Python decorators (again)

Quite some time ago, I’d posted an entry about Python Class decorators; recently I happened to butt heads (again) against decorators, so I thought I’d have another go at documenting what goes where.

As usual, I recommend this post as a very good summary, and I won’t repeat what is already there.

In particular, I wanted to explore the ability to pass somewhat arbitrary keyword arguments (**kwargs) to the decorator function itself, that could then be used to modify the behavior of the wrapper (and, possibly, the wrapped function too): this is in preparation for a project of mine that needs to enable fine-grained permission management.

The key takeaways for today are that:

  1. this is possible, if a bit convoluted (but, once you get the gist of it, internally consistent);
  2. doing so requires some care around the syntax (in particular, the use of trailing parentheses for the decorator);
  3. it is possible to do so in a manner that is largely transparent to both the wrapped function and its invocation.

The full code snippet is in this gist, a few comments follow:

A wrapper inside a wrapper inside a decorator?

Note that there are two methods nested inside the “loggable“ decorator:

def loggable(**dec_kwargs):
    # ...
    def outer_wrapper(func):
       def log_func(*args, **kwargs):
           # ...

the ‘wrapped’ function (“func“) is not passed in to the outer decorator, but only to the first inner method.

whose kwargs are these?

Both “loggable“ and “outer_wrapper“ are invoked at the point of declaration not invocation: the actual wrapper method (“log_func“ here) is, instead invoked in place of the decorated function (“func“) – in most cases it will eventually go round to invoke it too (with the passed in “args“ and “kwargs“; possibly modified) although it is not required to do so (see, for example, the mocks framework).

**dec_kwargs are the decorator’s keyword arguments, not the function’s; equally, **kwargs are the decorated function’s arguments, not the decorator’s:

@loggable(snoop=True, have_warrant='whocares', is_legal='barely')
def batter(name, **kwargs):
    # ...

batter('ugo', decoy=1, noise=2, val=3)

when in the body of the decorator, dec_kwargs are {snoop=True, have_warrant=’whocares’, is_legal=’barely’} while inside log_func() kwargs is {decoy=1, noise=2, val=3} (and args = [‘ugo’]).

 you don’t know what you don’t know (and usually don’t care either)

By using **kwargs (and *args) when coding decorators/wrappers, one can focus only of those arguments (keyword or otherwise) that matter, and transparently pass on the others to the decorated function – interestingly enough, the wrapper has access to the return value too, which can be inspected, modified and even, in extreme cases, withheld entirely from the caller.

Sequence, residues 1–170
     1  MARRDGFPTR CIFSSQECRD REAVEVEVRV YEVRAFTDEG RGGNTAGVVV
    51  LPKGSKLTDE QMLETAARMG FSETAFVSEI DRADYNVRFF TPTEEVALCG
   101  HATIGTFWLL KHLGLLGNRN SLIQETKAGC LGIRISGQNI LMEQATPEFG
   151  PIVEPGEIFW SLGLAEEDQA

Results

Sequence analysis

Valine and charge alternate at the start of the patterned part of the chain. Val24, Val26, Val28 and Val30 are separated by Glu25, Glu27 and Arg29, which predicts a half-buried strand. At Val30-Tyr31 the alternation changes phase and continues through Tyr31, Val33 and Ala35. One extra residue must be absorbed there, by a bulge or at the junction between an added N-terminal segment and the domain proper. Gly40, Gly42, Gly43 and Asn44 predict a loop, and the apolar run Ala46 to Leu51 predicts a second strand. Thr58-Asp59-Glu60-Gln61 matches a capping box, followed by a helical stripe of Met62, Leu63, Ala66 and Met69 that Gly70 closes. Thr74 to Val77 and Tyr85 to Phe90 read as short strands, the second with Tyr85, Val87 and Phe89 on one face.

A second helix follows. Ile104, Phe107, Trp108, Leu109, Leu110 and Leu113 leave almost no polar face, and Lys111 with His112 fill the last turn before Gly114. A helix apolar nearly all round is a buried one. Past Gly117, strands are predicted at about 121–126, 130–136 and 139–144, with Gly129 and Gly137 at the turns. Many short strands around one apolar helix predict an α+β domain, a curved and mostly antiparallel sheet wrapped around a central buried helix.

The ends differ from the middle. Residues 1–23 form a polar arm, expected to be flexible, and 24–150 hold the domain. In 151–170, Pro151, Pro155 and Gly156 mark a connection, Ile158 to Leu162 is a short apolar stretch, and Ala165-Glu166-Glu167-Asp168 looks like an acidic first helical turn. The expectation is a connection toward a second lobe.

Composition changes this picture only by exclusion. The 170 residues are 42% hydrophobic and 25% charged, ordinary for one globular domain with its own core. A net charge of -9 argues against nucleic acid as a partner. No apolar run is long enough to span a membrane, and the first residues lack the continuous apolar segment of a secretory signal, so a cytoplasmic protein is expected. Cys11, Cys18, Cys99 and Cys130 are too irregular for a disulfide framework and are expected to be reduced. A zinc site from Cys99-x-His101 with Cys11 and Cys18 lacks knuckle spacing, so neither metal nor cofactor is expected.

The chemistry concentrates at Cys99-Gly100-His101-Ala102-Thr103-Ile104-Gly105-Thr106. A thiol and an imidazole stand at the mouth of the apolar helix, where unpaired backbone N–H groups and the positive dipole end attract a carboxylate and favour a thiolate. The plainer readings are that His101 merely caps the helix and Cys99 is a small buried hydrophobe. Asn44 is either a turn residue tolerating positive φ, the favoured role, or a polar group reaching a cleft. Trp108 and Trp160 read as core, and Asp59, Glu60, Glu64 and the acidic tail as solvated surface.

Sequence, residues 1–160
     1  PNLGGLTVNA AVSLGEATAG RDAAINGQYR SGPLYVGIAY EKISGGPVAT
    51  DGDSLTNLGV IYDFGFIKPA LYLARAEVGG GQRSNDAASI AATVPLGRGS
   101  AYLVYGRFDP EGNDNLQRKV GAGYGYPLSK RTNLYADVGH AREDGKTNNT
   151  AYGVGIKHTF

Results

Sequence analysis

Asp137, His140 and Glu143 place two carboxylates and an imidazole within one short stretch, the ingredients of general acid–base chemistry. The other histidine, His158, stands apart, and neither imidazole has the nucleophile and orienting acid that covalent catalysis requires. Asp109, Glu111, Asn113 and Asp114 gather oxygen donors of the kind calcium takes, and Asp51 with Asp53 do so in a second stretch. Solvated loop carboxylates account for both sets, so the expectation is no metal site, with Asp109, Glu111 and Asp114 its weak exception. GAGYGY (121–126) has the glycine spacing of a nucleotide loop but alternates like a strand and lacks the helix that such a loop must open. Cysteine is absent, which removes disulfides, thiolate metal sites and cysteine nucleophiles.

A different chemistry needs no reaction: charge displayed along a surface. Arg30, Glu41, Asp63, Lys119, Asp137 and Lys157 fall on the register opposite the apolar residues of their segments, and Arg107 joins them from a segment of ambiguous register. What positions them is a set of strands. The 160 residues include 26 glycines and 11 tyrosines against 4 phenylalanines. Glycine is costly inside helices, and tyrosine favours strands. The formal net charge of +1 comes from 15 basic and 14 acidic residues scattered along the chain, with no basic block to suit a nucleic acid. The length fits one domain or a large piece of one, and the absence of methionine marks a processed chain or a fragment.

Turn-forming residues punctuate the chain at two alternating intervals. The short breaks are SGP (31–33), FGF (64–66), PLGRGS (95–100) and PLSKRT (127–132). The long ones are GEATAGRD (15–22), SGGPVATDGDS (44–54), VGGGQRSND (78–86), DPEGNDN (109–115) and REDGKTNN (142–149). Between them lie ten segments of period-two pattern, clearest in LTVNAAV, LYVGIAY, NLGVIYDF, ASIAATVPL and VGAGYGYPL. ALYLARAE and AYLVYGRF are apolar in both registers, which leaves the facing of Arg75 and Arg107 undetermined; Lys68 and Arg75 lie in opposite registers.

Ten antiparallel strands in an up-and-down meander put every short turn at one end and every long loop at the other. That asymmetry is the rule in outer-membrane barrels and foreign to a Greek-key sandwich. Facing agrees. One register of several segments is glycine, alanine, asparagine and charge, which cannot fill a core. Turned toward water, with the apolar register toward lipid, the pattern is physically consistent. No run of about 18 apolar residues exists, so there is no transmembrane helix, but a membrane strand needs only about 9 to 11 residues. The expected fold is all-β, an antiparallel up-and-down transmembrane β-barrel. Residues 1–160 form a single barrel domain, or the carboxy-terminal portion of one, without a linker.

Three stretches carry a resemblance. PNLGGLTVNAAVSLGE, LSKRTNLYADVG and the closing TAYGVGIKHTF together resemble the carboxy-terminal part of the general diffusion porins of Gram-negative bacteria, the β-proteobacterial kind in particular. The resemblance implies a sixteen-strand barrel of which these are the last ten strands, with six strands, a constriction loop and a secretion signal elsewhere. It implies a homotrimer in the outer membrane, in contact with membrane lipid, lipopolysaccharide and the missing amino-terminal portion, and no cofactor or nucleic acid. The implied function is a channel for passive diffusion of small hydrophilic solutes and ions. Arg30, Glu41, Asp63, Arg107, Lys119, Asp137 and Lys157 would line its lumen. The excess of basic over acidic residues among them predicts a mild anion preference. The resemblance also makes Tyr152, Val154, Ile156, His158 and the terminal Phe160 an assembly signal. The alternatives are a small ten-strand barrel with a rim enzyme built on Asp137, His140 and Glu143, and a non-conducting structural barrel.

On the other hand, as a caller (client) of the decorated method, one can happily ignore all of the gory details and, to a large extent, even that the function is a decorated one (let alone what the decorator does) – in fact, it is best practice to design decorators that are transparent to their decorated functions and their users.

Unfortunately, this all comes crashing down when subtle bugs are introduced, and one has to step-debug through a decorator’s code to figure out what the heck it’s going on that causes an otherwise perfectly valid method to fail (as it happened to us recently).

be wary of those pesky parentheses

There is a not-so-subtle (but hardly obvious) difference between:




The former will work with the code presented above and in the gist, the latter will not: the difference being that, in the first case the Python compiler will not pass the decorated callable to the decorator, but to the callable that the decorator returns: that explains the rigmarole detailed above in the “wrapper inside a wrapper” section.

The latter will – a callable (the decorated method) will be passed to the decorator as the first (and only) positional argument, thus causing something like:

TypeError: loggable() takes exactly 0 arguments (1 given)

Decorators are fun!


One response to “Python decorators (again)”

  1. Interesting reading!

    I have a small side-note, in case if written decorator is intended to be used with all kind of callable. I suggest to not use “wraps“ decorator. It is not safe as fails when decorates:
    – static methods
    – class methods
    – and partially applied callable using “functools.partial“

    Probably better would be to use “update_wrapper“ in a more safe way.

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